Coral Green – Protecting Coral Reefs From Rising Temperatures

Coral reefs are essential ecosystems, yet they’re under attack by rising ocean temperatures. Rising ocean temperatures have led to coral bleaching events causing it to turn white and die; yet some coral can remain more resilient to stress than others and researchers recently identified why. After studying various color morphs of Acropora tenuis (Flowerpot Coral), researchers identified pigment genes responsible for controlling color variation were all present yet only some were active – suggesting this variation might serve as a protection mechanism against climate change.

Coral green is an energetic hue with warm tones derived from yellow and orange with subtle undertones of apricot, creating an easy complement with other hues for art projects or home decor.

Coral green is an ideal color to set a tropical and fun vibe, pairing well with other warm tones like Tiffany blue and teal for an energetic yet soothing effect. Additionally, coral green goes great with neutrals or darker tones like navy blue or chocolate brown for an earthier appeal.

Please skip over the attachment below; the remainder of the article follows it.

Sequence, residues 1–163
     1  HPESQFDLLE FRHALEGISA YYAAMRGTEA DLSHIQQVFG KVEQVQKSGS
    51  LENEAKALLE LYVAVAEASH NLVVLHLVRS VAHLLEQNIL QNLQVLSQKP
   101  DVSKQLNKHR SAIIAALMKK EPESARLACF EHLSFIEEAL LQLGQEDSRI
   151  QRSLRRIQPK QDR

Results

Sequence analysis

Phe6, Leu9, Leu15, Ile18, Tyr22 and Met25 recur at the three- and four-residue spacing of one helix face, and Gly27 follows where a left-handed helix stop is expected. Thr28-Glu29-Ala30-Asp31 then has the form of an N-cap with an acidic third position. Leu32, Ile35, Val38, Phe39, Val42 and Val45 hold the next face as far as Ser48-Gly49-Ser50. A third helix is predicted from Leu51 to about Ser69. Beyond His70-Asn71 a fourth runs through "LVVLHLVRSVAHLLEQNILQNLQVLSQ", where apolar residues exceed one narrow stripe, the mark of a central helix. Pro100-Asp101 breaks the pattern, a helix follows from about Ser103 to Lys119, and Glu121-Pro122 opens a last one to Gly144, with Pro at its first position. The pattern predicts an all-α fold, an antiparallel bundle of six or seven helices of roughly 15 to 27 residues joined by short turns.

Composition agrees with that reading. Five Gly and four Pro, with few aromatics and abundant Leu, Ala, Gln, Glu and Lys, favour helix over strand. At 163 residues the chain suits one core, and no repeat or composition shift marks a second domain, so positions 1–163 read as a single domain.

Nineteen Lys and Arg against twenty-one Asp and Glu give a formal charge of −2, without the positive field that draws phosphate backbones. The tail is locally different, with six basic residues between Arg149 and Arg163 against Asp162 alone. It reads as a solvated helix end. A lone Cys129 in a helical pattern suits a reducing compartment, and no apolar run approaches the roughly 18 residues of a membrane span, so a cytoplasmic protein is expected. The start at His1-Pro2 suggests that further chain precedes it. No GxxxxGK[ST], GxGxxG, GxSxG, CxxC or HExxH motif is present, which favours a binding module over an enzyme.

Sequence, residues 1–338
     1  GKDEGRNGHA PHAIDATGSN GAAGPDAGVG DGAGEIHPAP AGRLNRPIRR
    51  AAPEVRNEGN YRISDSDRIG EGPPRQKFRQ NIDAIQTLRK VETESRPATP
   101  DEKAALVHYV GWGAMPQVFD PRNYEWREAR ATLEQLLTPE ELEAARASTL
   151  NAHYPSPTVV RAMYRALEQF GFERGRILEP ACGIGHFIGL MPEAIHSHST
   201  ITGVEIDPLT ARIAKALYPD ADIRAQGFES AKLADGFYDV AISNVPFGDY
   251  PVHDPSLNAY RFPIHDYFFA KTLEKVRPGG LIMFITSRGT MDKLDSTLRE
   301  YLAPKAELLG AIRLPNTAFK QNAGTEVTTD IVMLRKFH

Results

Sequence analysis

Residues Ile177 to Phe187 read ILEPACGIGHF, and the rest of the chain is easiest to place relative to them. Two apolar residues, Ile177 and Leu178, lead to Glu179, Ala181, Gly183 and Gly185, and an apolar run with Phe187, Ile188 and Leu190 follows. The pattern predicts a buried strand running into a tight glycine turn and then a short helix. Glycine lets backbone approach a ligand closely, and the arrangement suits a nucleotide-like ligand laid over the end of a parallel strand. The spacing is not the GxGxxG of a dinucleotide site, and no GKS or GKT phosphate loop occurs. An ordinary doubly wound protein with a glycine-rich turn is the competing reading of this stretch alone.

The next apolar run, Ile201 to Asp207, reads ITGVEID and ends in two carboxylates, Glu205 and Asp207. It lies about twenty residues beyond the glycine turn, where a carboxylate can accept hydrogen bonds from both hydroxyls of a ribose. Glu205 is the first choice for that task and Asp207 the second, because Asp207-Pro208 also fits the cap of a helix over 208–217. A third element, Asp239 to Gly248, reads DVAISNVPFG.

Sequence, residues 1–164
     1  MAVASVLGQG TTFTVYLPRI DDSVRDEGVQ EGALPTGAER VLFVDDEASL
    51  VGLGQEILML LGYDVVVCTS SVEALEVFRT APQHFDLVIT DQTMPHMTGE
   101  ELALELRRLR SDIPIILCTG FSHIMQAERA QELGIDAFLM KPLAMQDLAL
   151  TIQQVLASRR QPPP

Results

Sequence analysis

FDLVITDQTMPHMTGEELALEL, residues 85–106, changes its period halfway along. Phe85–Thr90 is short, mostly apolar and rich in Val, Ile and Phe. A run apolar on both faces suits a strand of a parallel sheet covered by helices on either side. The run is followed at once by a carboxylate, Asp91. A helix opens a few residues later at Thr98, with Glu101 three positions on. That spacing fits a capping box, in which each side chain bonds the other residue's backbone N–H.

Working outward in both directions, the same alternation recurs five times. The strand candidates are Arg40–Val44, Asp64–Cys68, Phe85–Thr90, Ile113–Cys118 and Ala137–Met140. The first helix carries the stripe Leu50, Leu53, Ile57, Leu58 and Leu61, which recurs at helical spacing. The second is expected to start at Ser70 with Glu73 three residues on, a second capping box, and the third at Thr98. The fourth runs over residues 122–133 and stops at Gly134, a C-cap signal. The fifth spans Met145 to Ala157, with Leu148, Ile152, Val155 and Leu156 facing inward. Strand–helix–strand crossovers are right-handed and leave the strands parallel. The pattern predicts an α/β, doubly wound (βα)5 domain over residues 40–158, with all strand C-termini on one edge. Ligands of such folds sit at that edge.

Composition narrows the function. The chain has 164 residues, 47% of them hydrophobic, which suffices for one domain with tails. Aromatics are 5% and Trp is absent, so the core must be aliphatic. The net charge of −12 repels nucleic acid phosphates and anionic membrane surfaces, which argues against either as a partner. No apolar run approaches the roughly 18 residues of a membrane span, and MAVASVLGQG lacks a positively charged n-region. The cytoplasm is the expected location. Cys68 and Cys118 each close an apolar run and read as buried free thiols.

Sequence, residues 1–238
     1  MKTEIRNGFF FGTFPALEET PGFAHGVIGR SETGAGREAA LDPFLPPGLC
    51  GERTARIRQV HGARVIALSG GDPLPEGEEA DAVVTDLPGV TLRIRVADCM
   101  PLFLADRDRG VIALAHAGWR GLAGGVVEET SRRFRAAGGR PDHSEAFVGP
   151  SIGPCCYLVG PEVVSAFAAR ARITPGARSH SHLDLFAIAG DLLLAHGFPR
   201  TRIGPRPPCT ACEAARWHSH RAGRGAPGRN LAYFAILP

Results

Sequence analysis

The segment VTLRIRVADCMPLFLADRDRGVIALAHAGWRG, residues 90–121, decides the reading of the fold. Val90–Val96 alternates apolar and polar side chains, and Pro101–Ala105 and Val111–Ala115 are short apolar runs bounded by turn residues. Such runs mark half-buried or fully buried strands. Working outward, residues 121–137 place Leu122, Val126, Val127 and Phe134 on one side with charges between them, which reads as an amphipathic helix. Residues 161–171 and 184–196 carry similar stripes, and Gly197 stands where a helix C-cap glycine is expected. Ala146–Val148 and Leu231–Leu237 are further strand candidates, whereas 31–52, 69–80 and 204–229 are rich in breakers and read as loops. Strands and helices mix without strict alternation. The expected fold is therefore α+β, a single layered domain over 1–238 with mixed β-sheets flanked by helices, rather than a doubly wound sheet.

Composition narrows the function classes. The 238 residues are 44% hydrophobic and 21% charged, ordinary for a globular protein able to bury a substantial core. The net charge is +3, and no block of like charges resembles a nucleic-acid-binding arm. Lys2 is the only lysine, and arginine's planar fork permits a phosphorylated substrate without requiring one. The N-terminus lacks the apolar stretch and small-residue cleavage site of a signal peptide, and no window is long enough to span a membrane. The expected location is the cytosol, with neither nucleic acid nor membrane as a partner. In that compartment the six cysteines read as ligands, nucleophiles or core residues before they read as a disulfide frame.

Coral is a type of cnidarian, an aquatic invertebrate animal which lives in the sea and maintains an intimate symbiotic relationship with zooxanthellae algae, providing essential nutrition. Coral polyps produce protective skeletons which provide structure, protection, and the foundation of coral reefs.

Coral contains over 85 fluorescent pigments that give them their beautiful hues, enabling them to absorb light of one wavelength and emit (fluoresce) another hue. These fluorescent proteins, known as chromoproteins, can appear cyan, green, red or yellow depending on the species of coral; while reflective proteins known as chromoproteins may provide camouflage by reflecting other wavelengths into various shades and becoming visible later.

Researchers conducted their study by measuring gene expression levels of five types of GFP, three types of RFP, two types of CFP, and seven ChrP in coral showing yellow-green color phenotypes. After that step, scientists analyzed pigment production from each coral in order to pinpoint specific amino acid sequences controlling fluorescence of each protein fluorescence.

Scientists discovered that amino acids were present in all chromoproteins studied, yet some positions near fluorescence maxima were more crucial to certain chromoproteins than others. According to researchers, variations in coral color could be explained by differences between amino acid positions – something they plan to explore further by investigating genetic mechanisms responsible for controlling it and designing new chromoproteins that may protect coral from climate change and environmental influences. Their work was published in G3: Genes|Genomes|Genetics.

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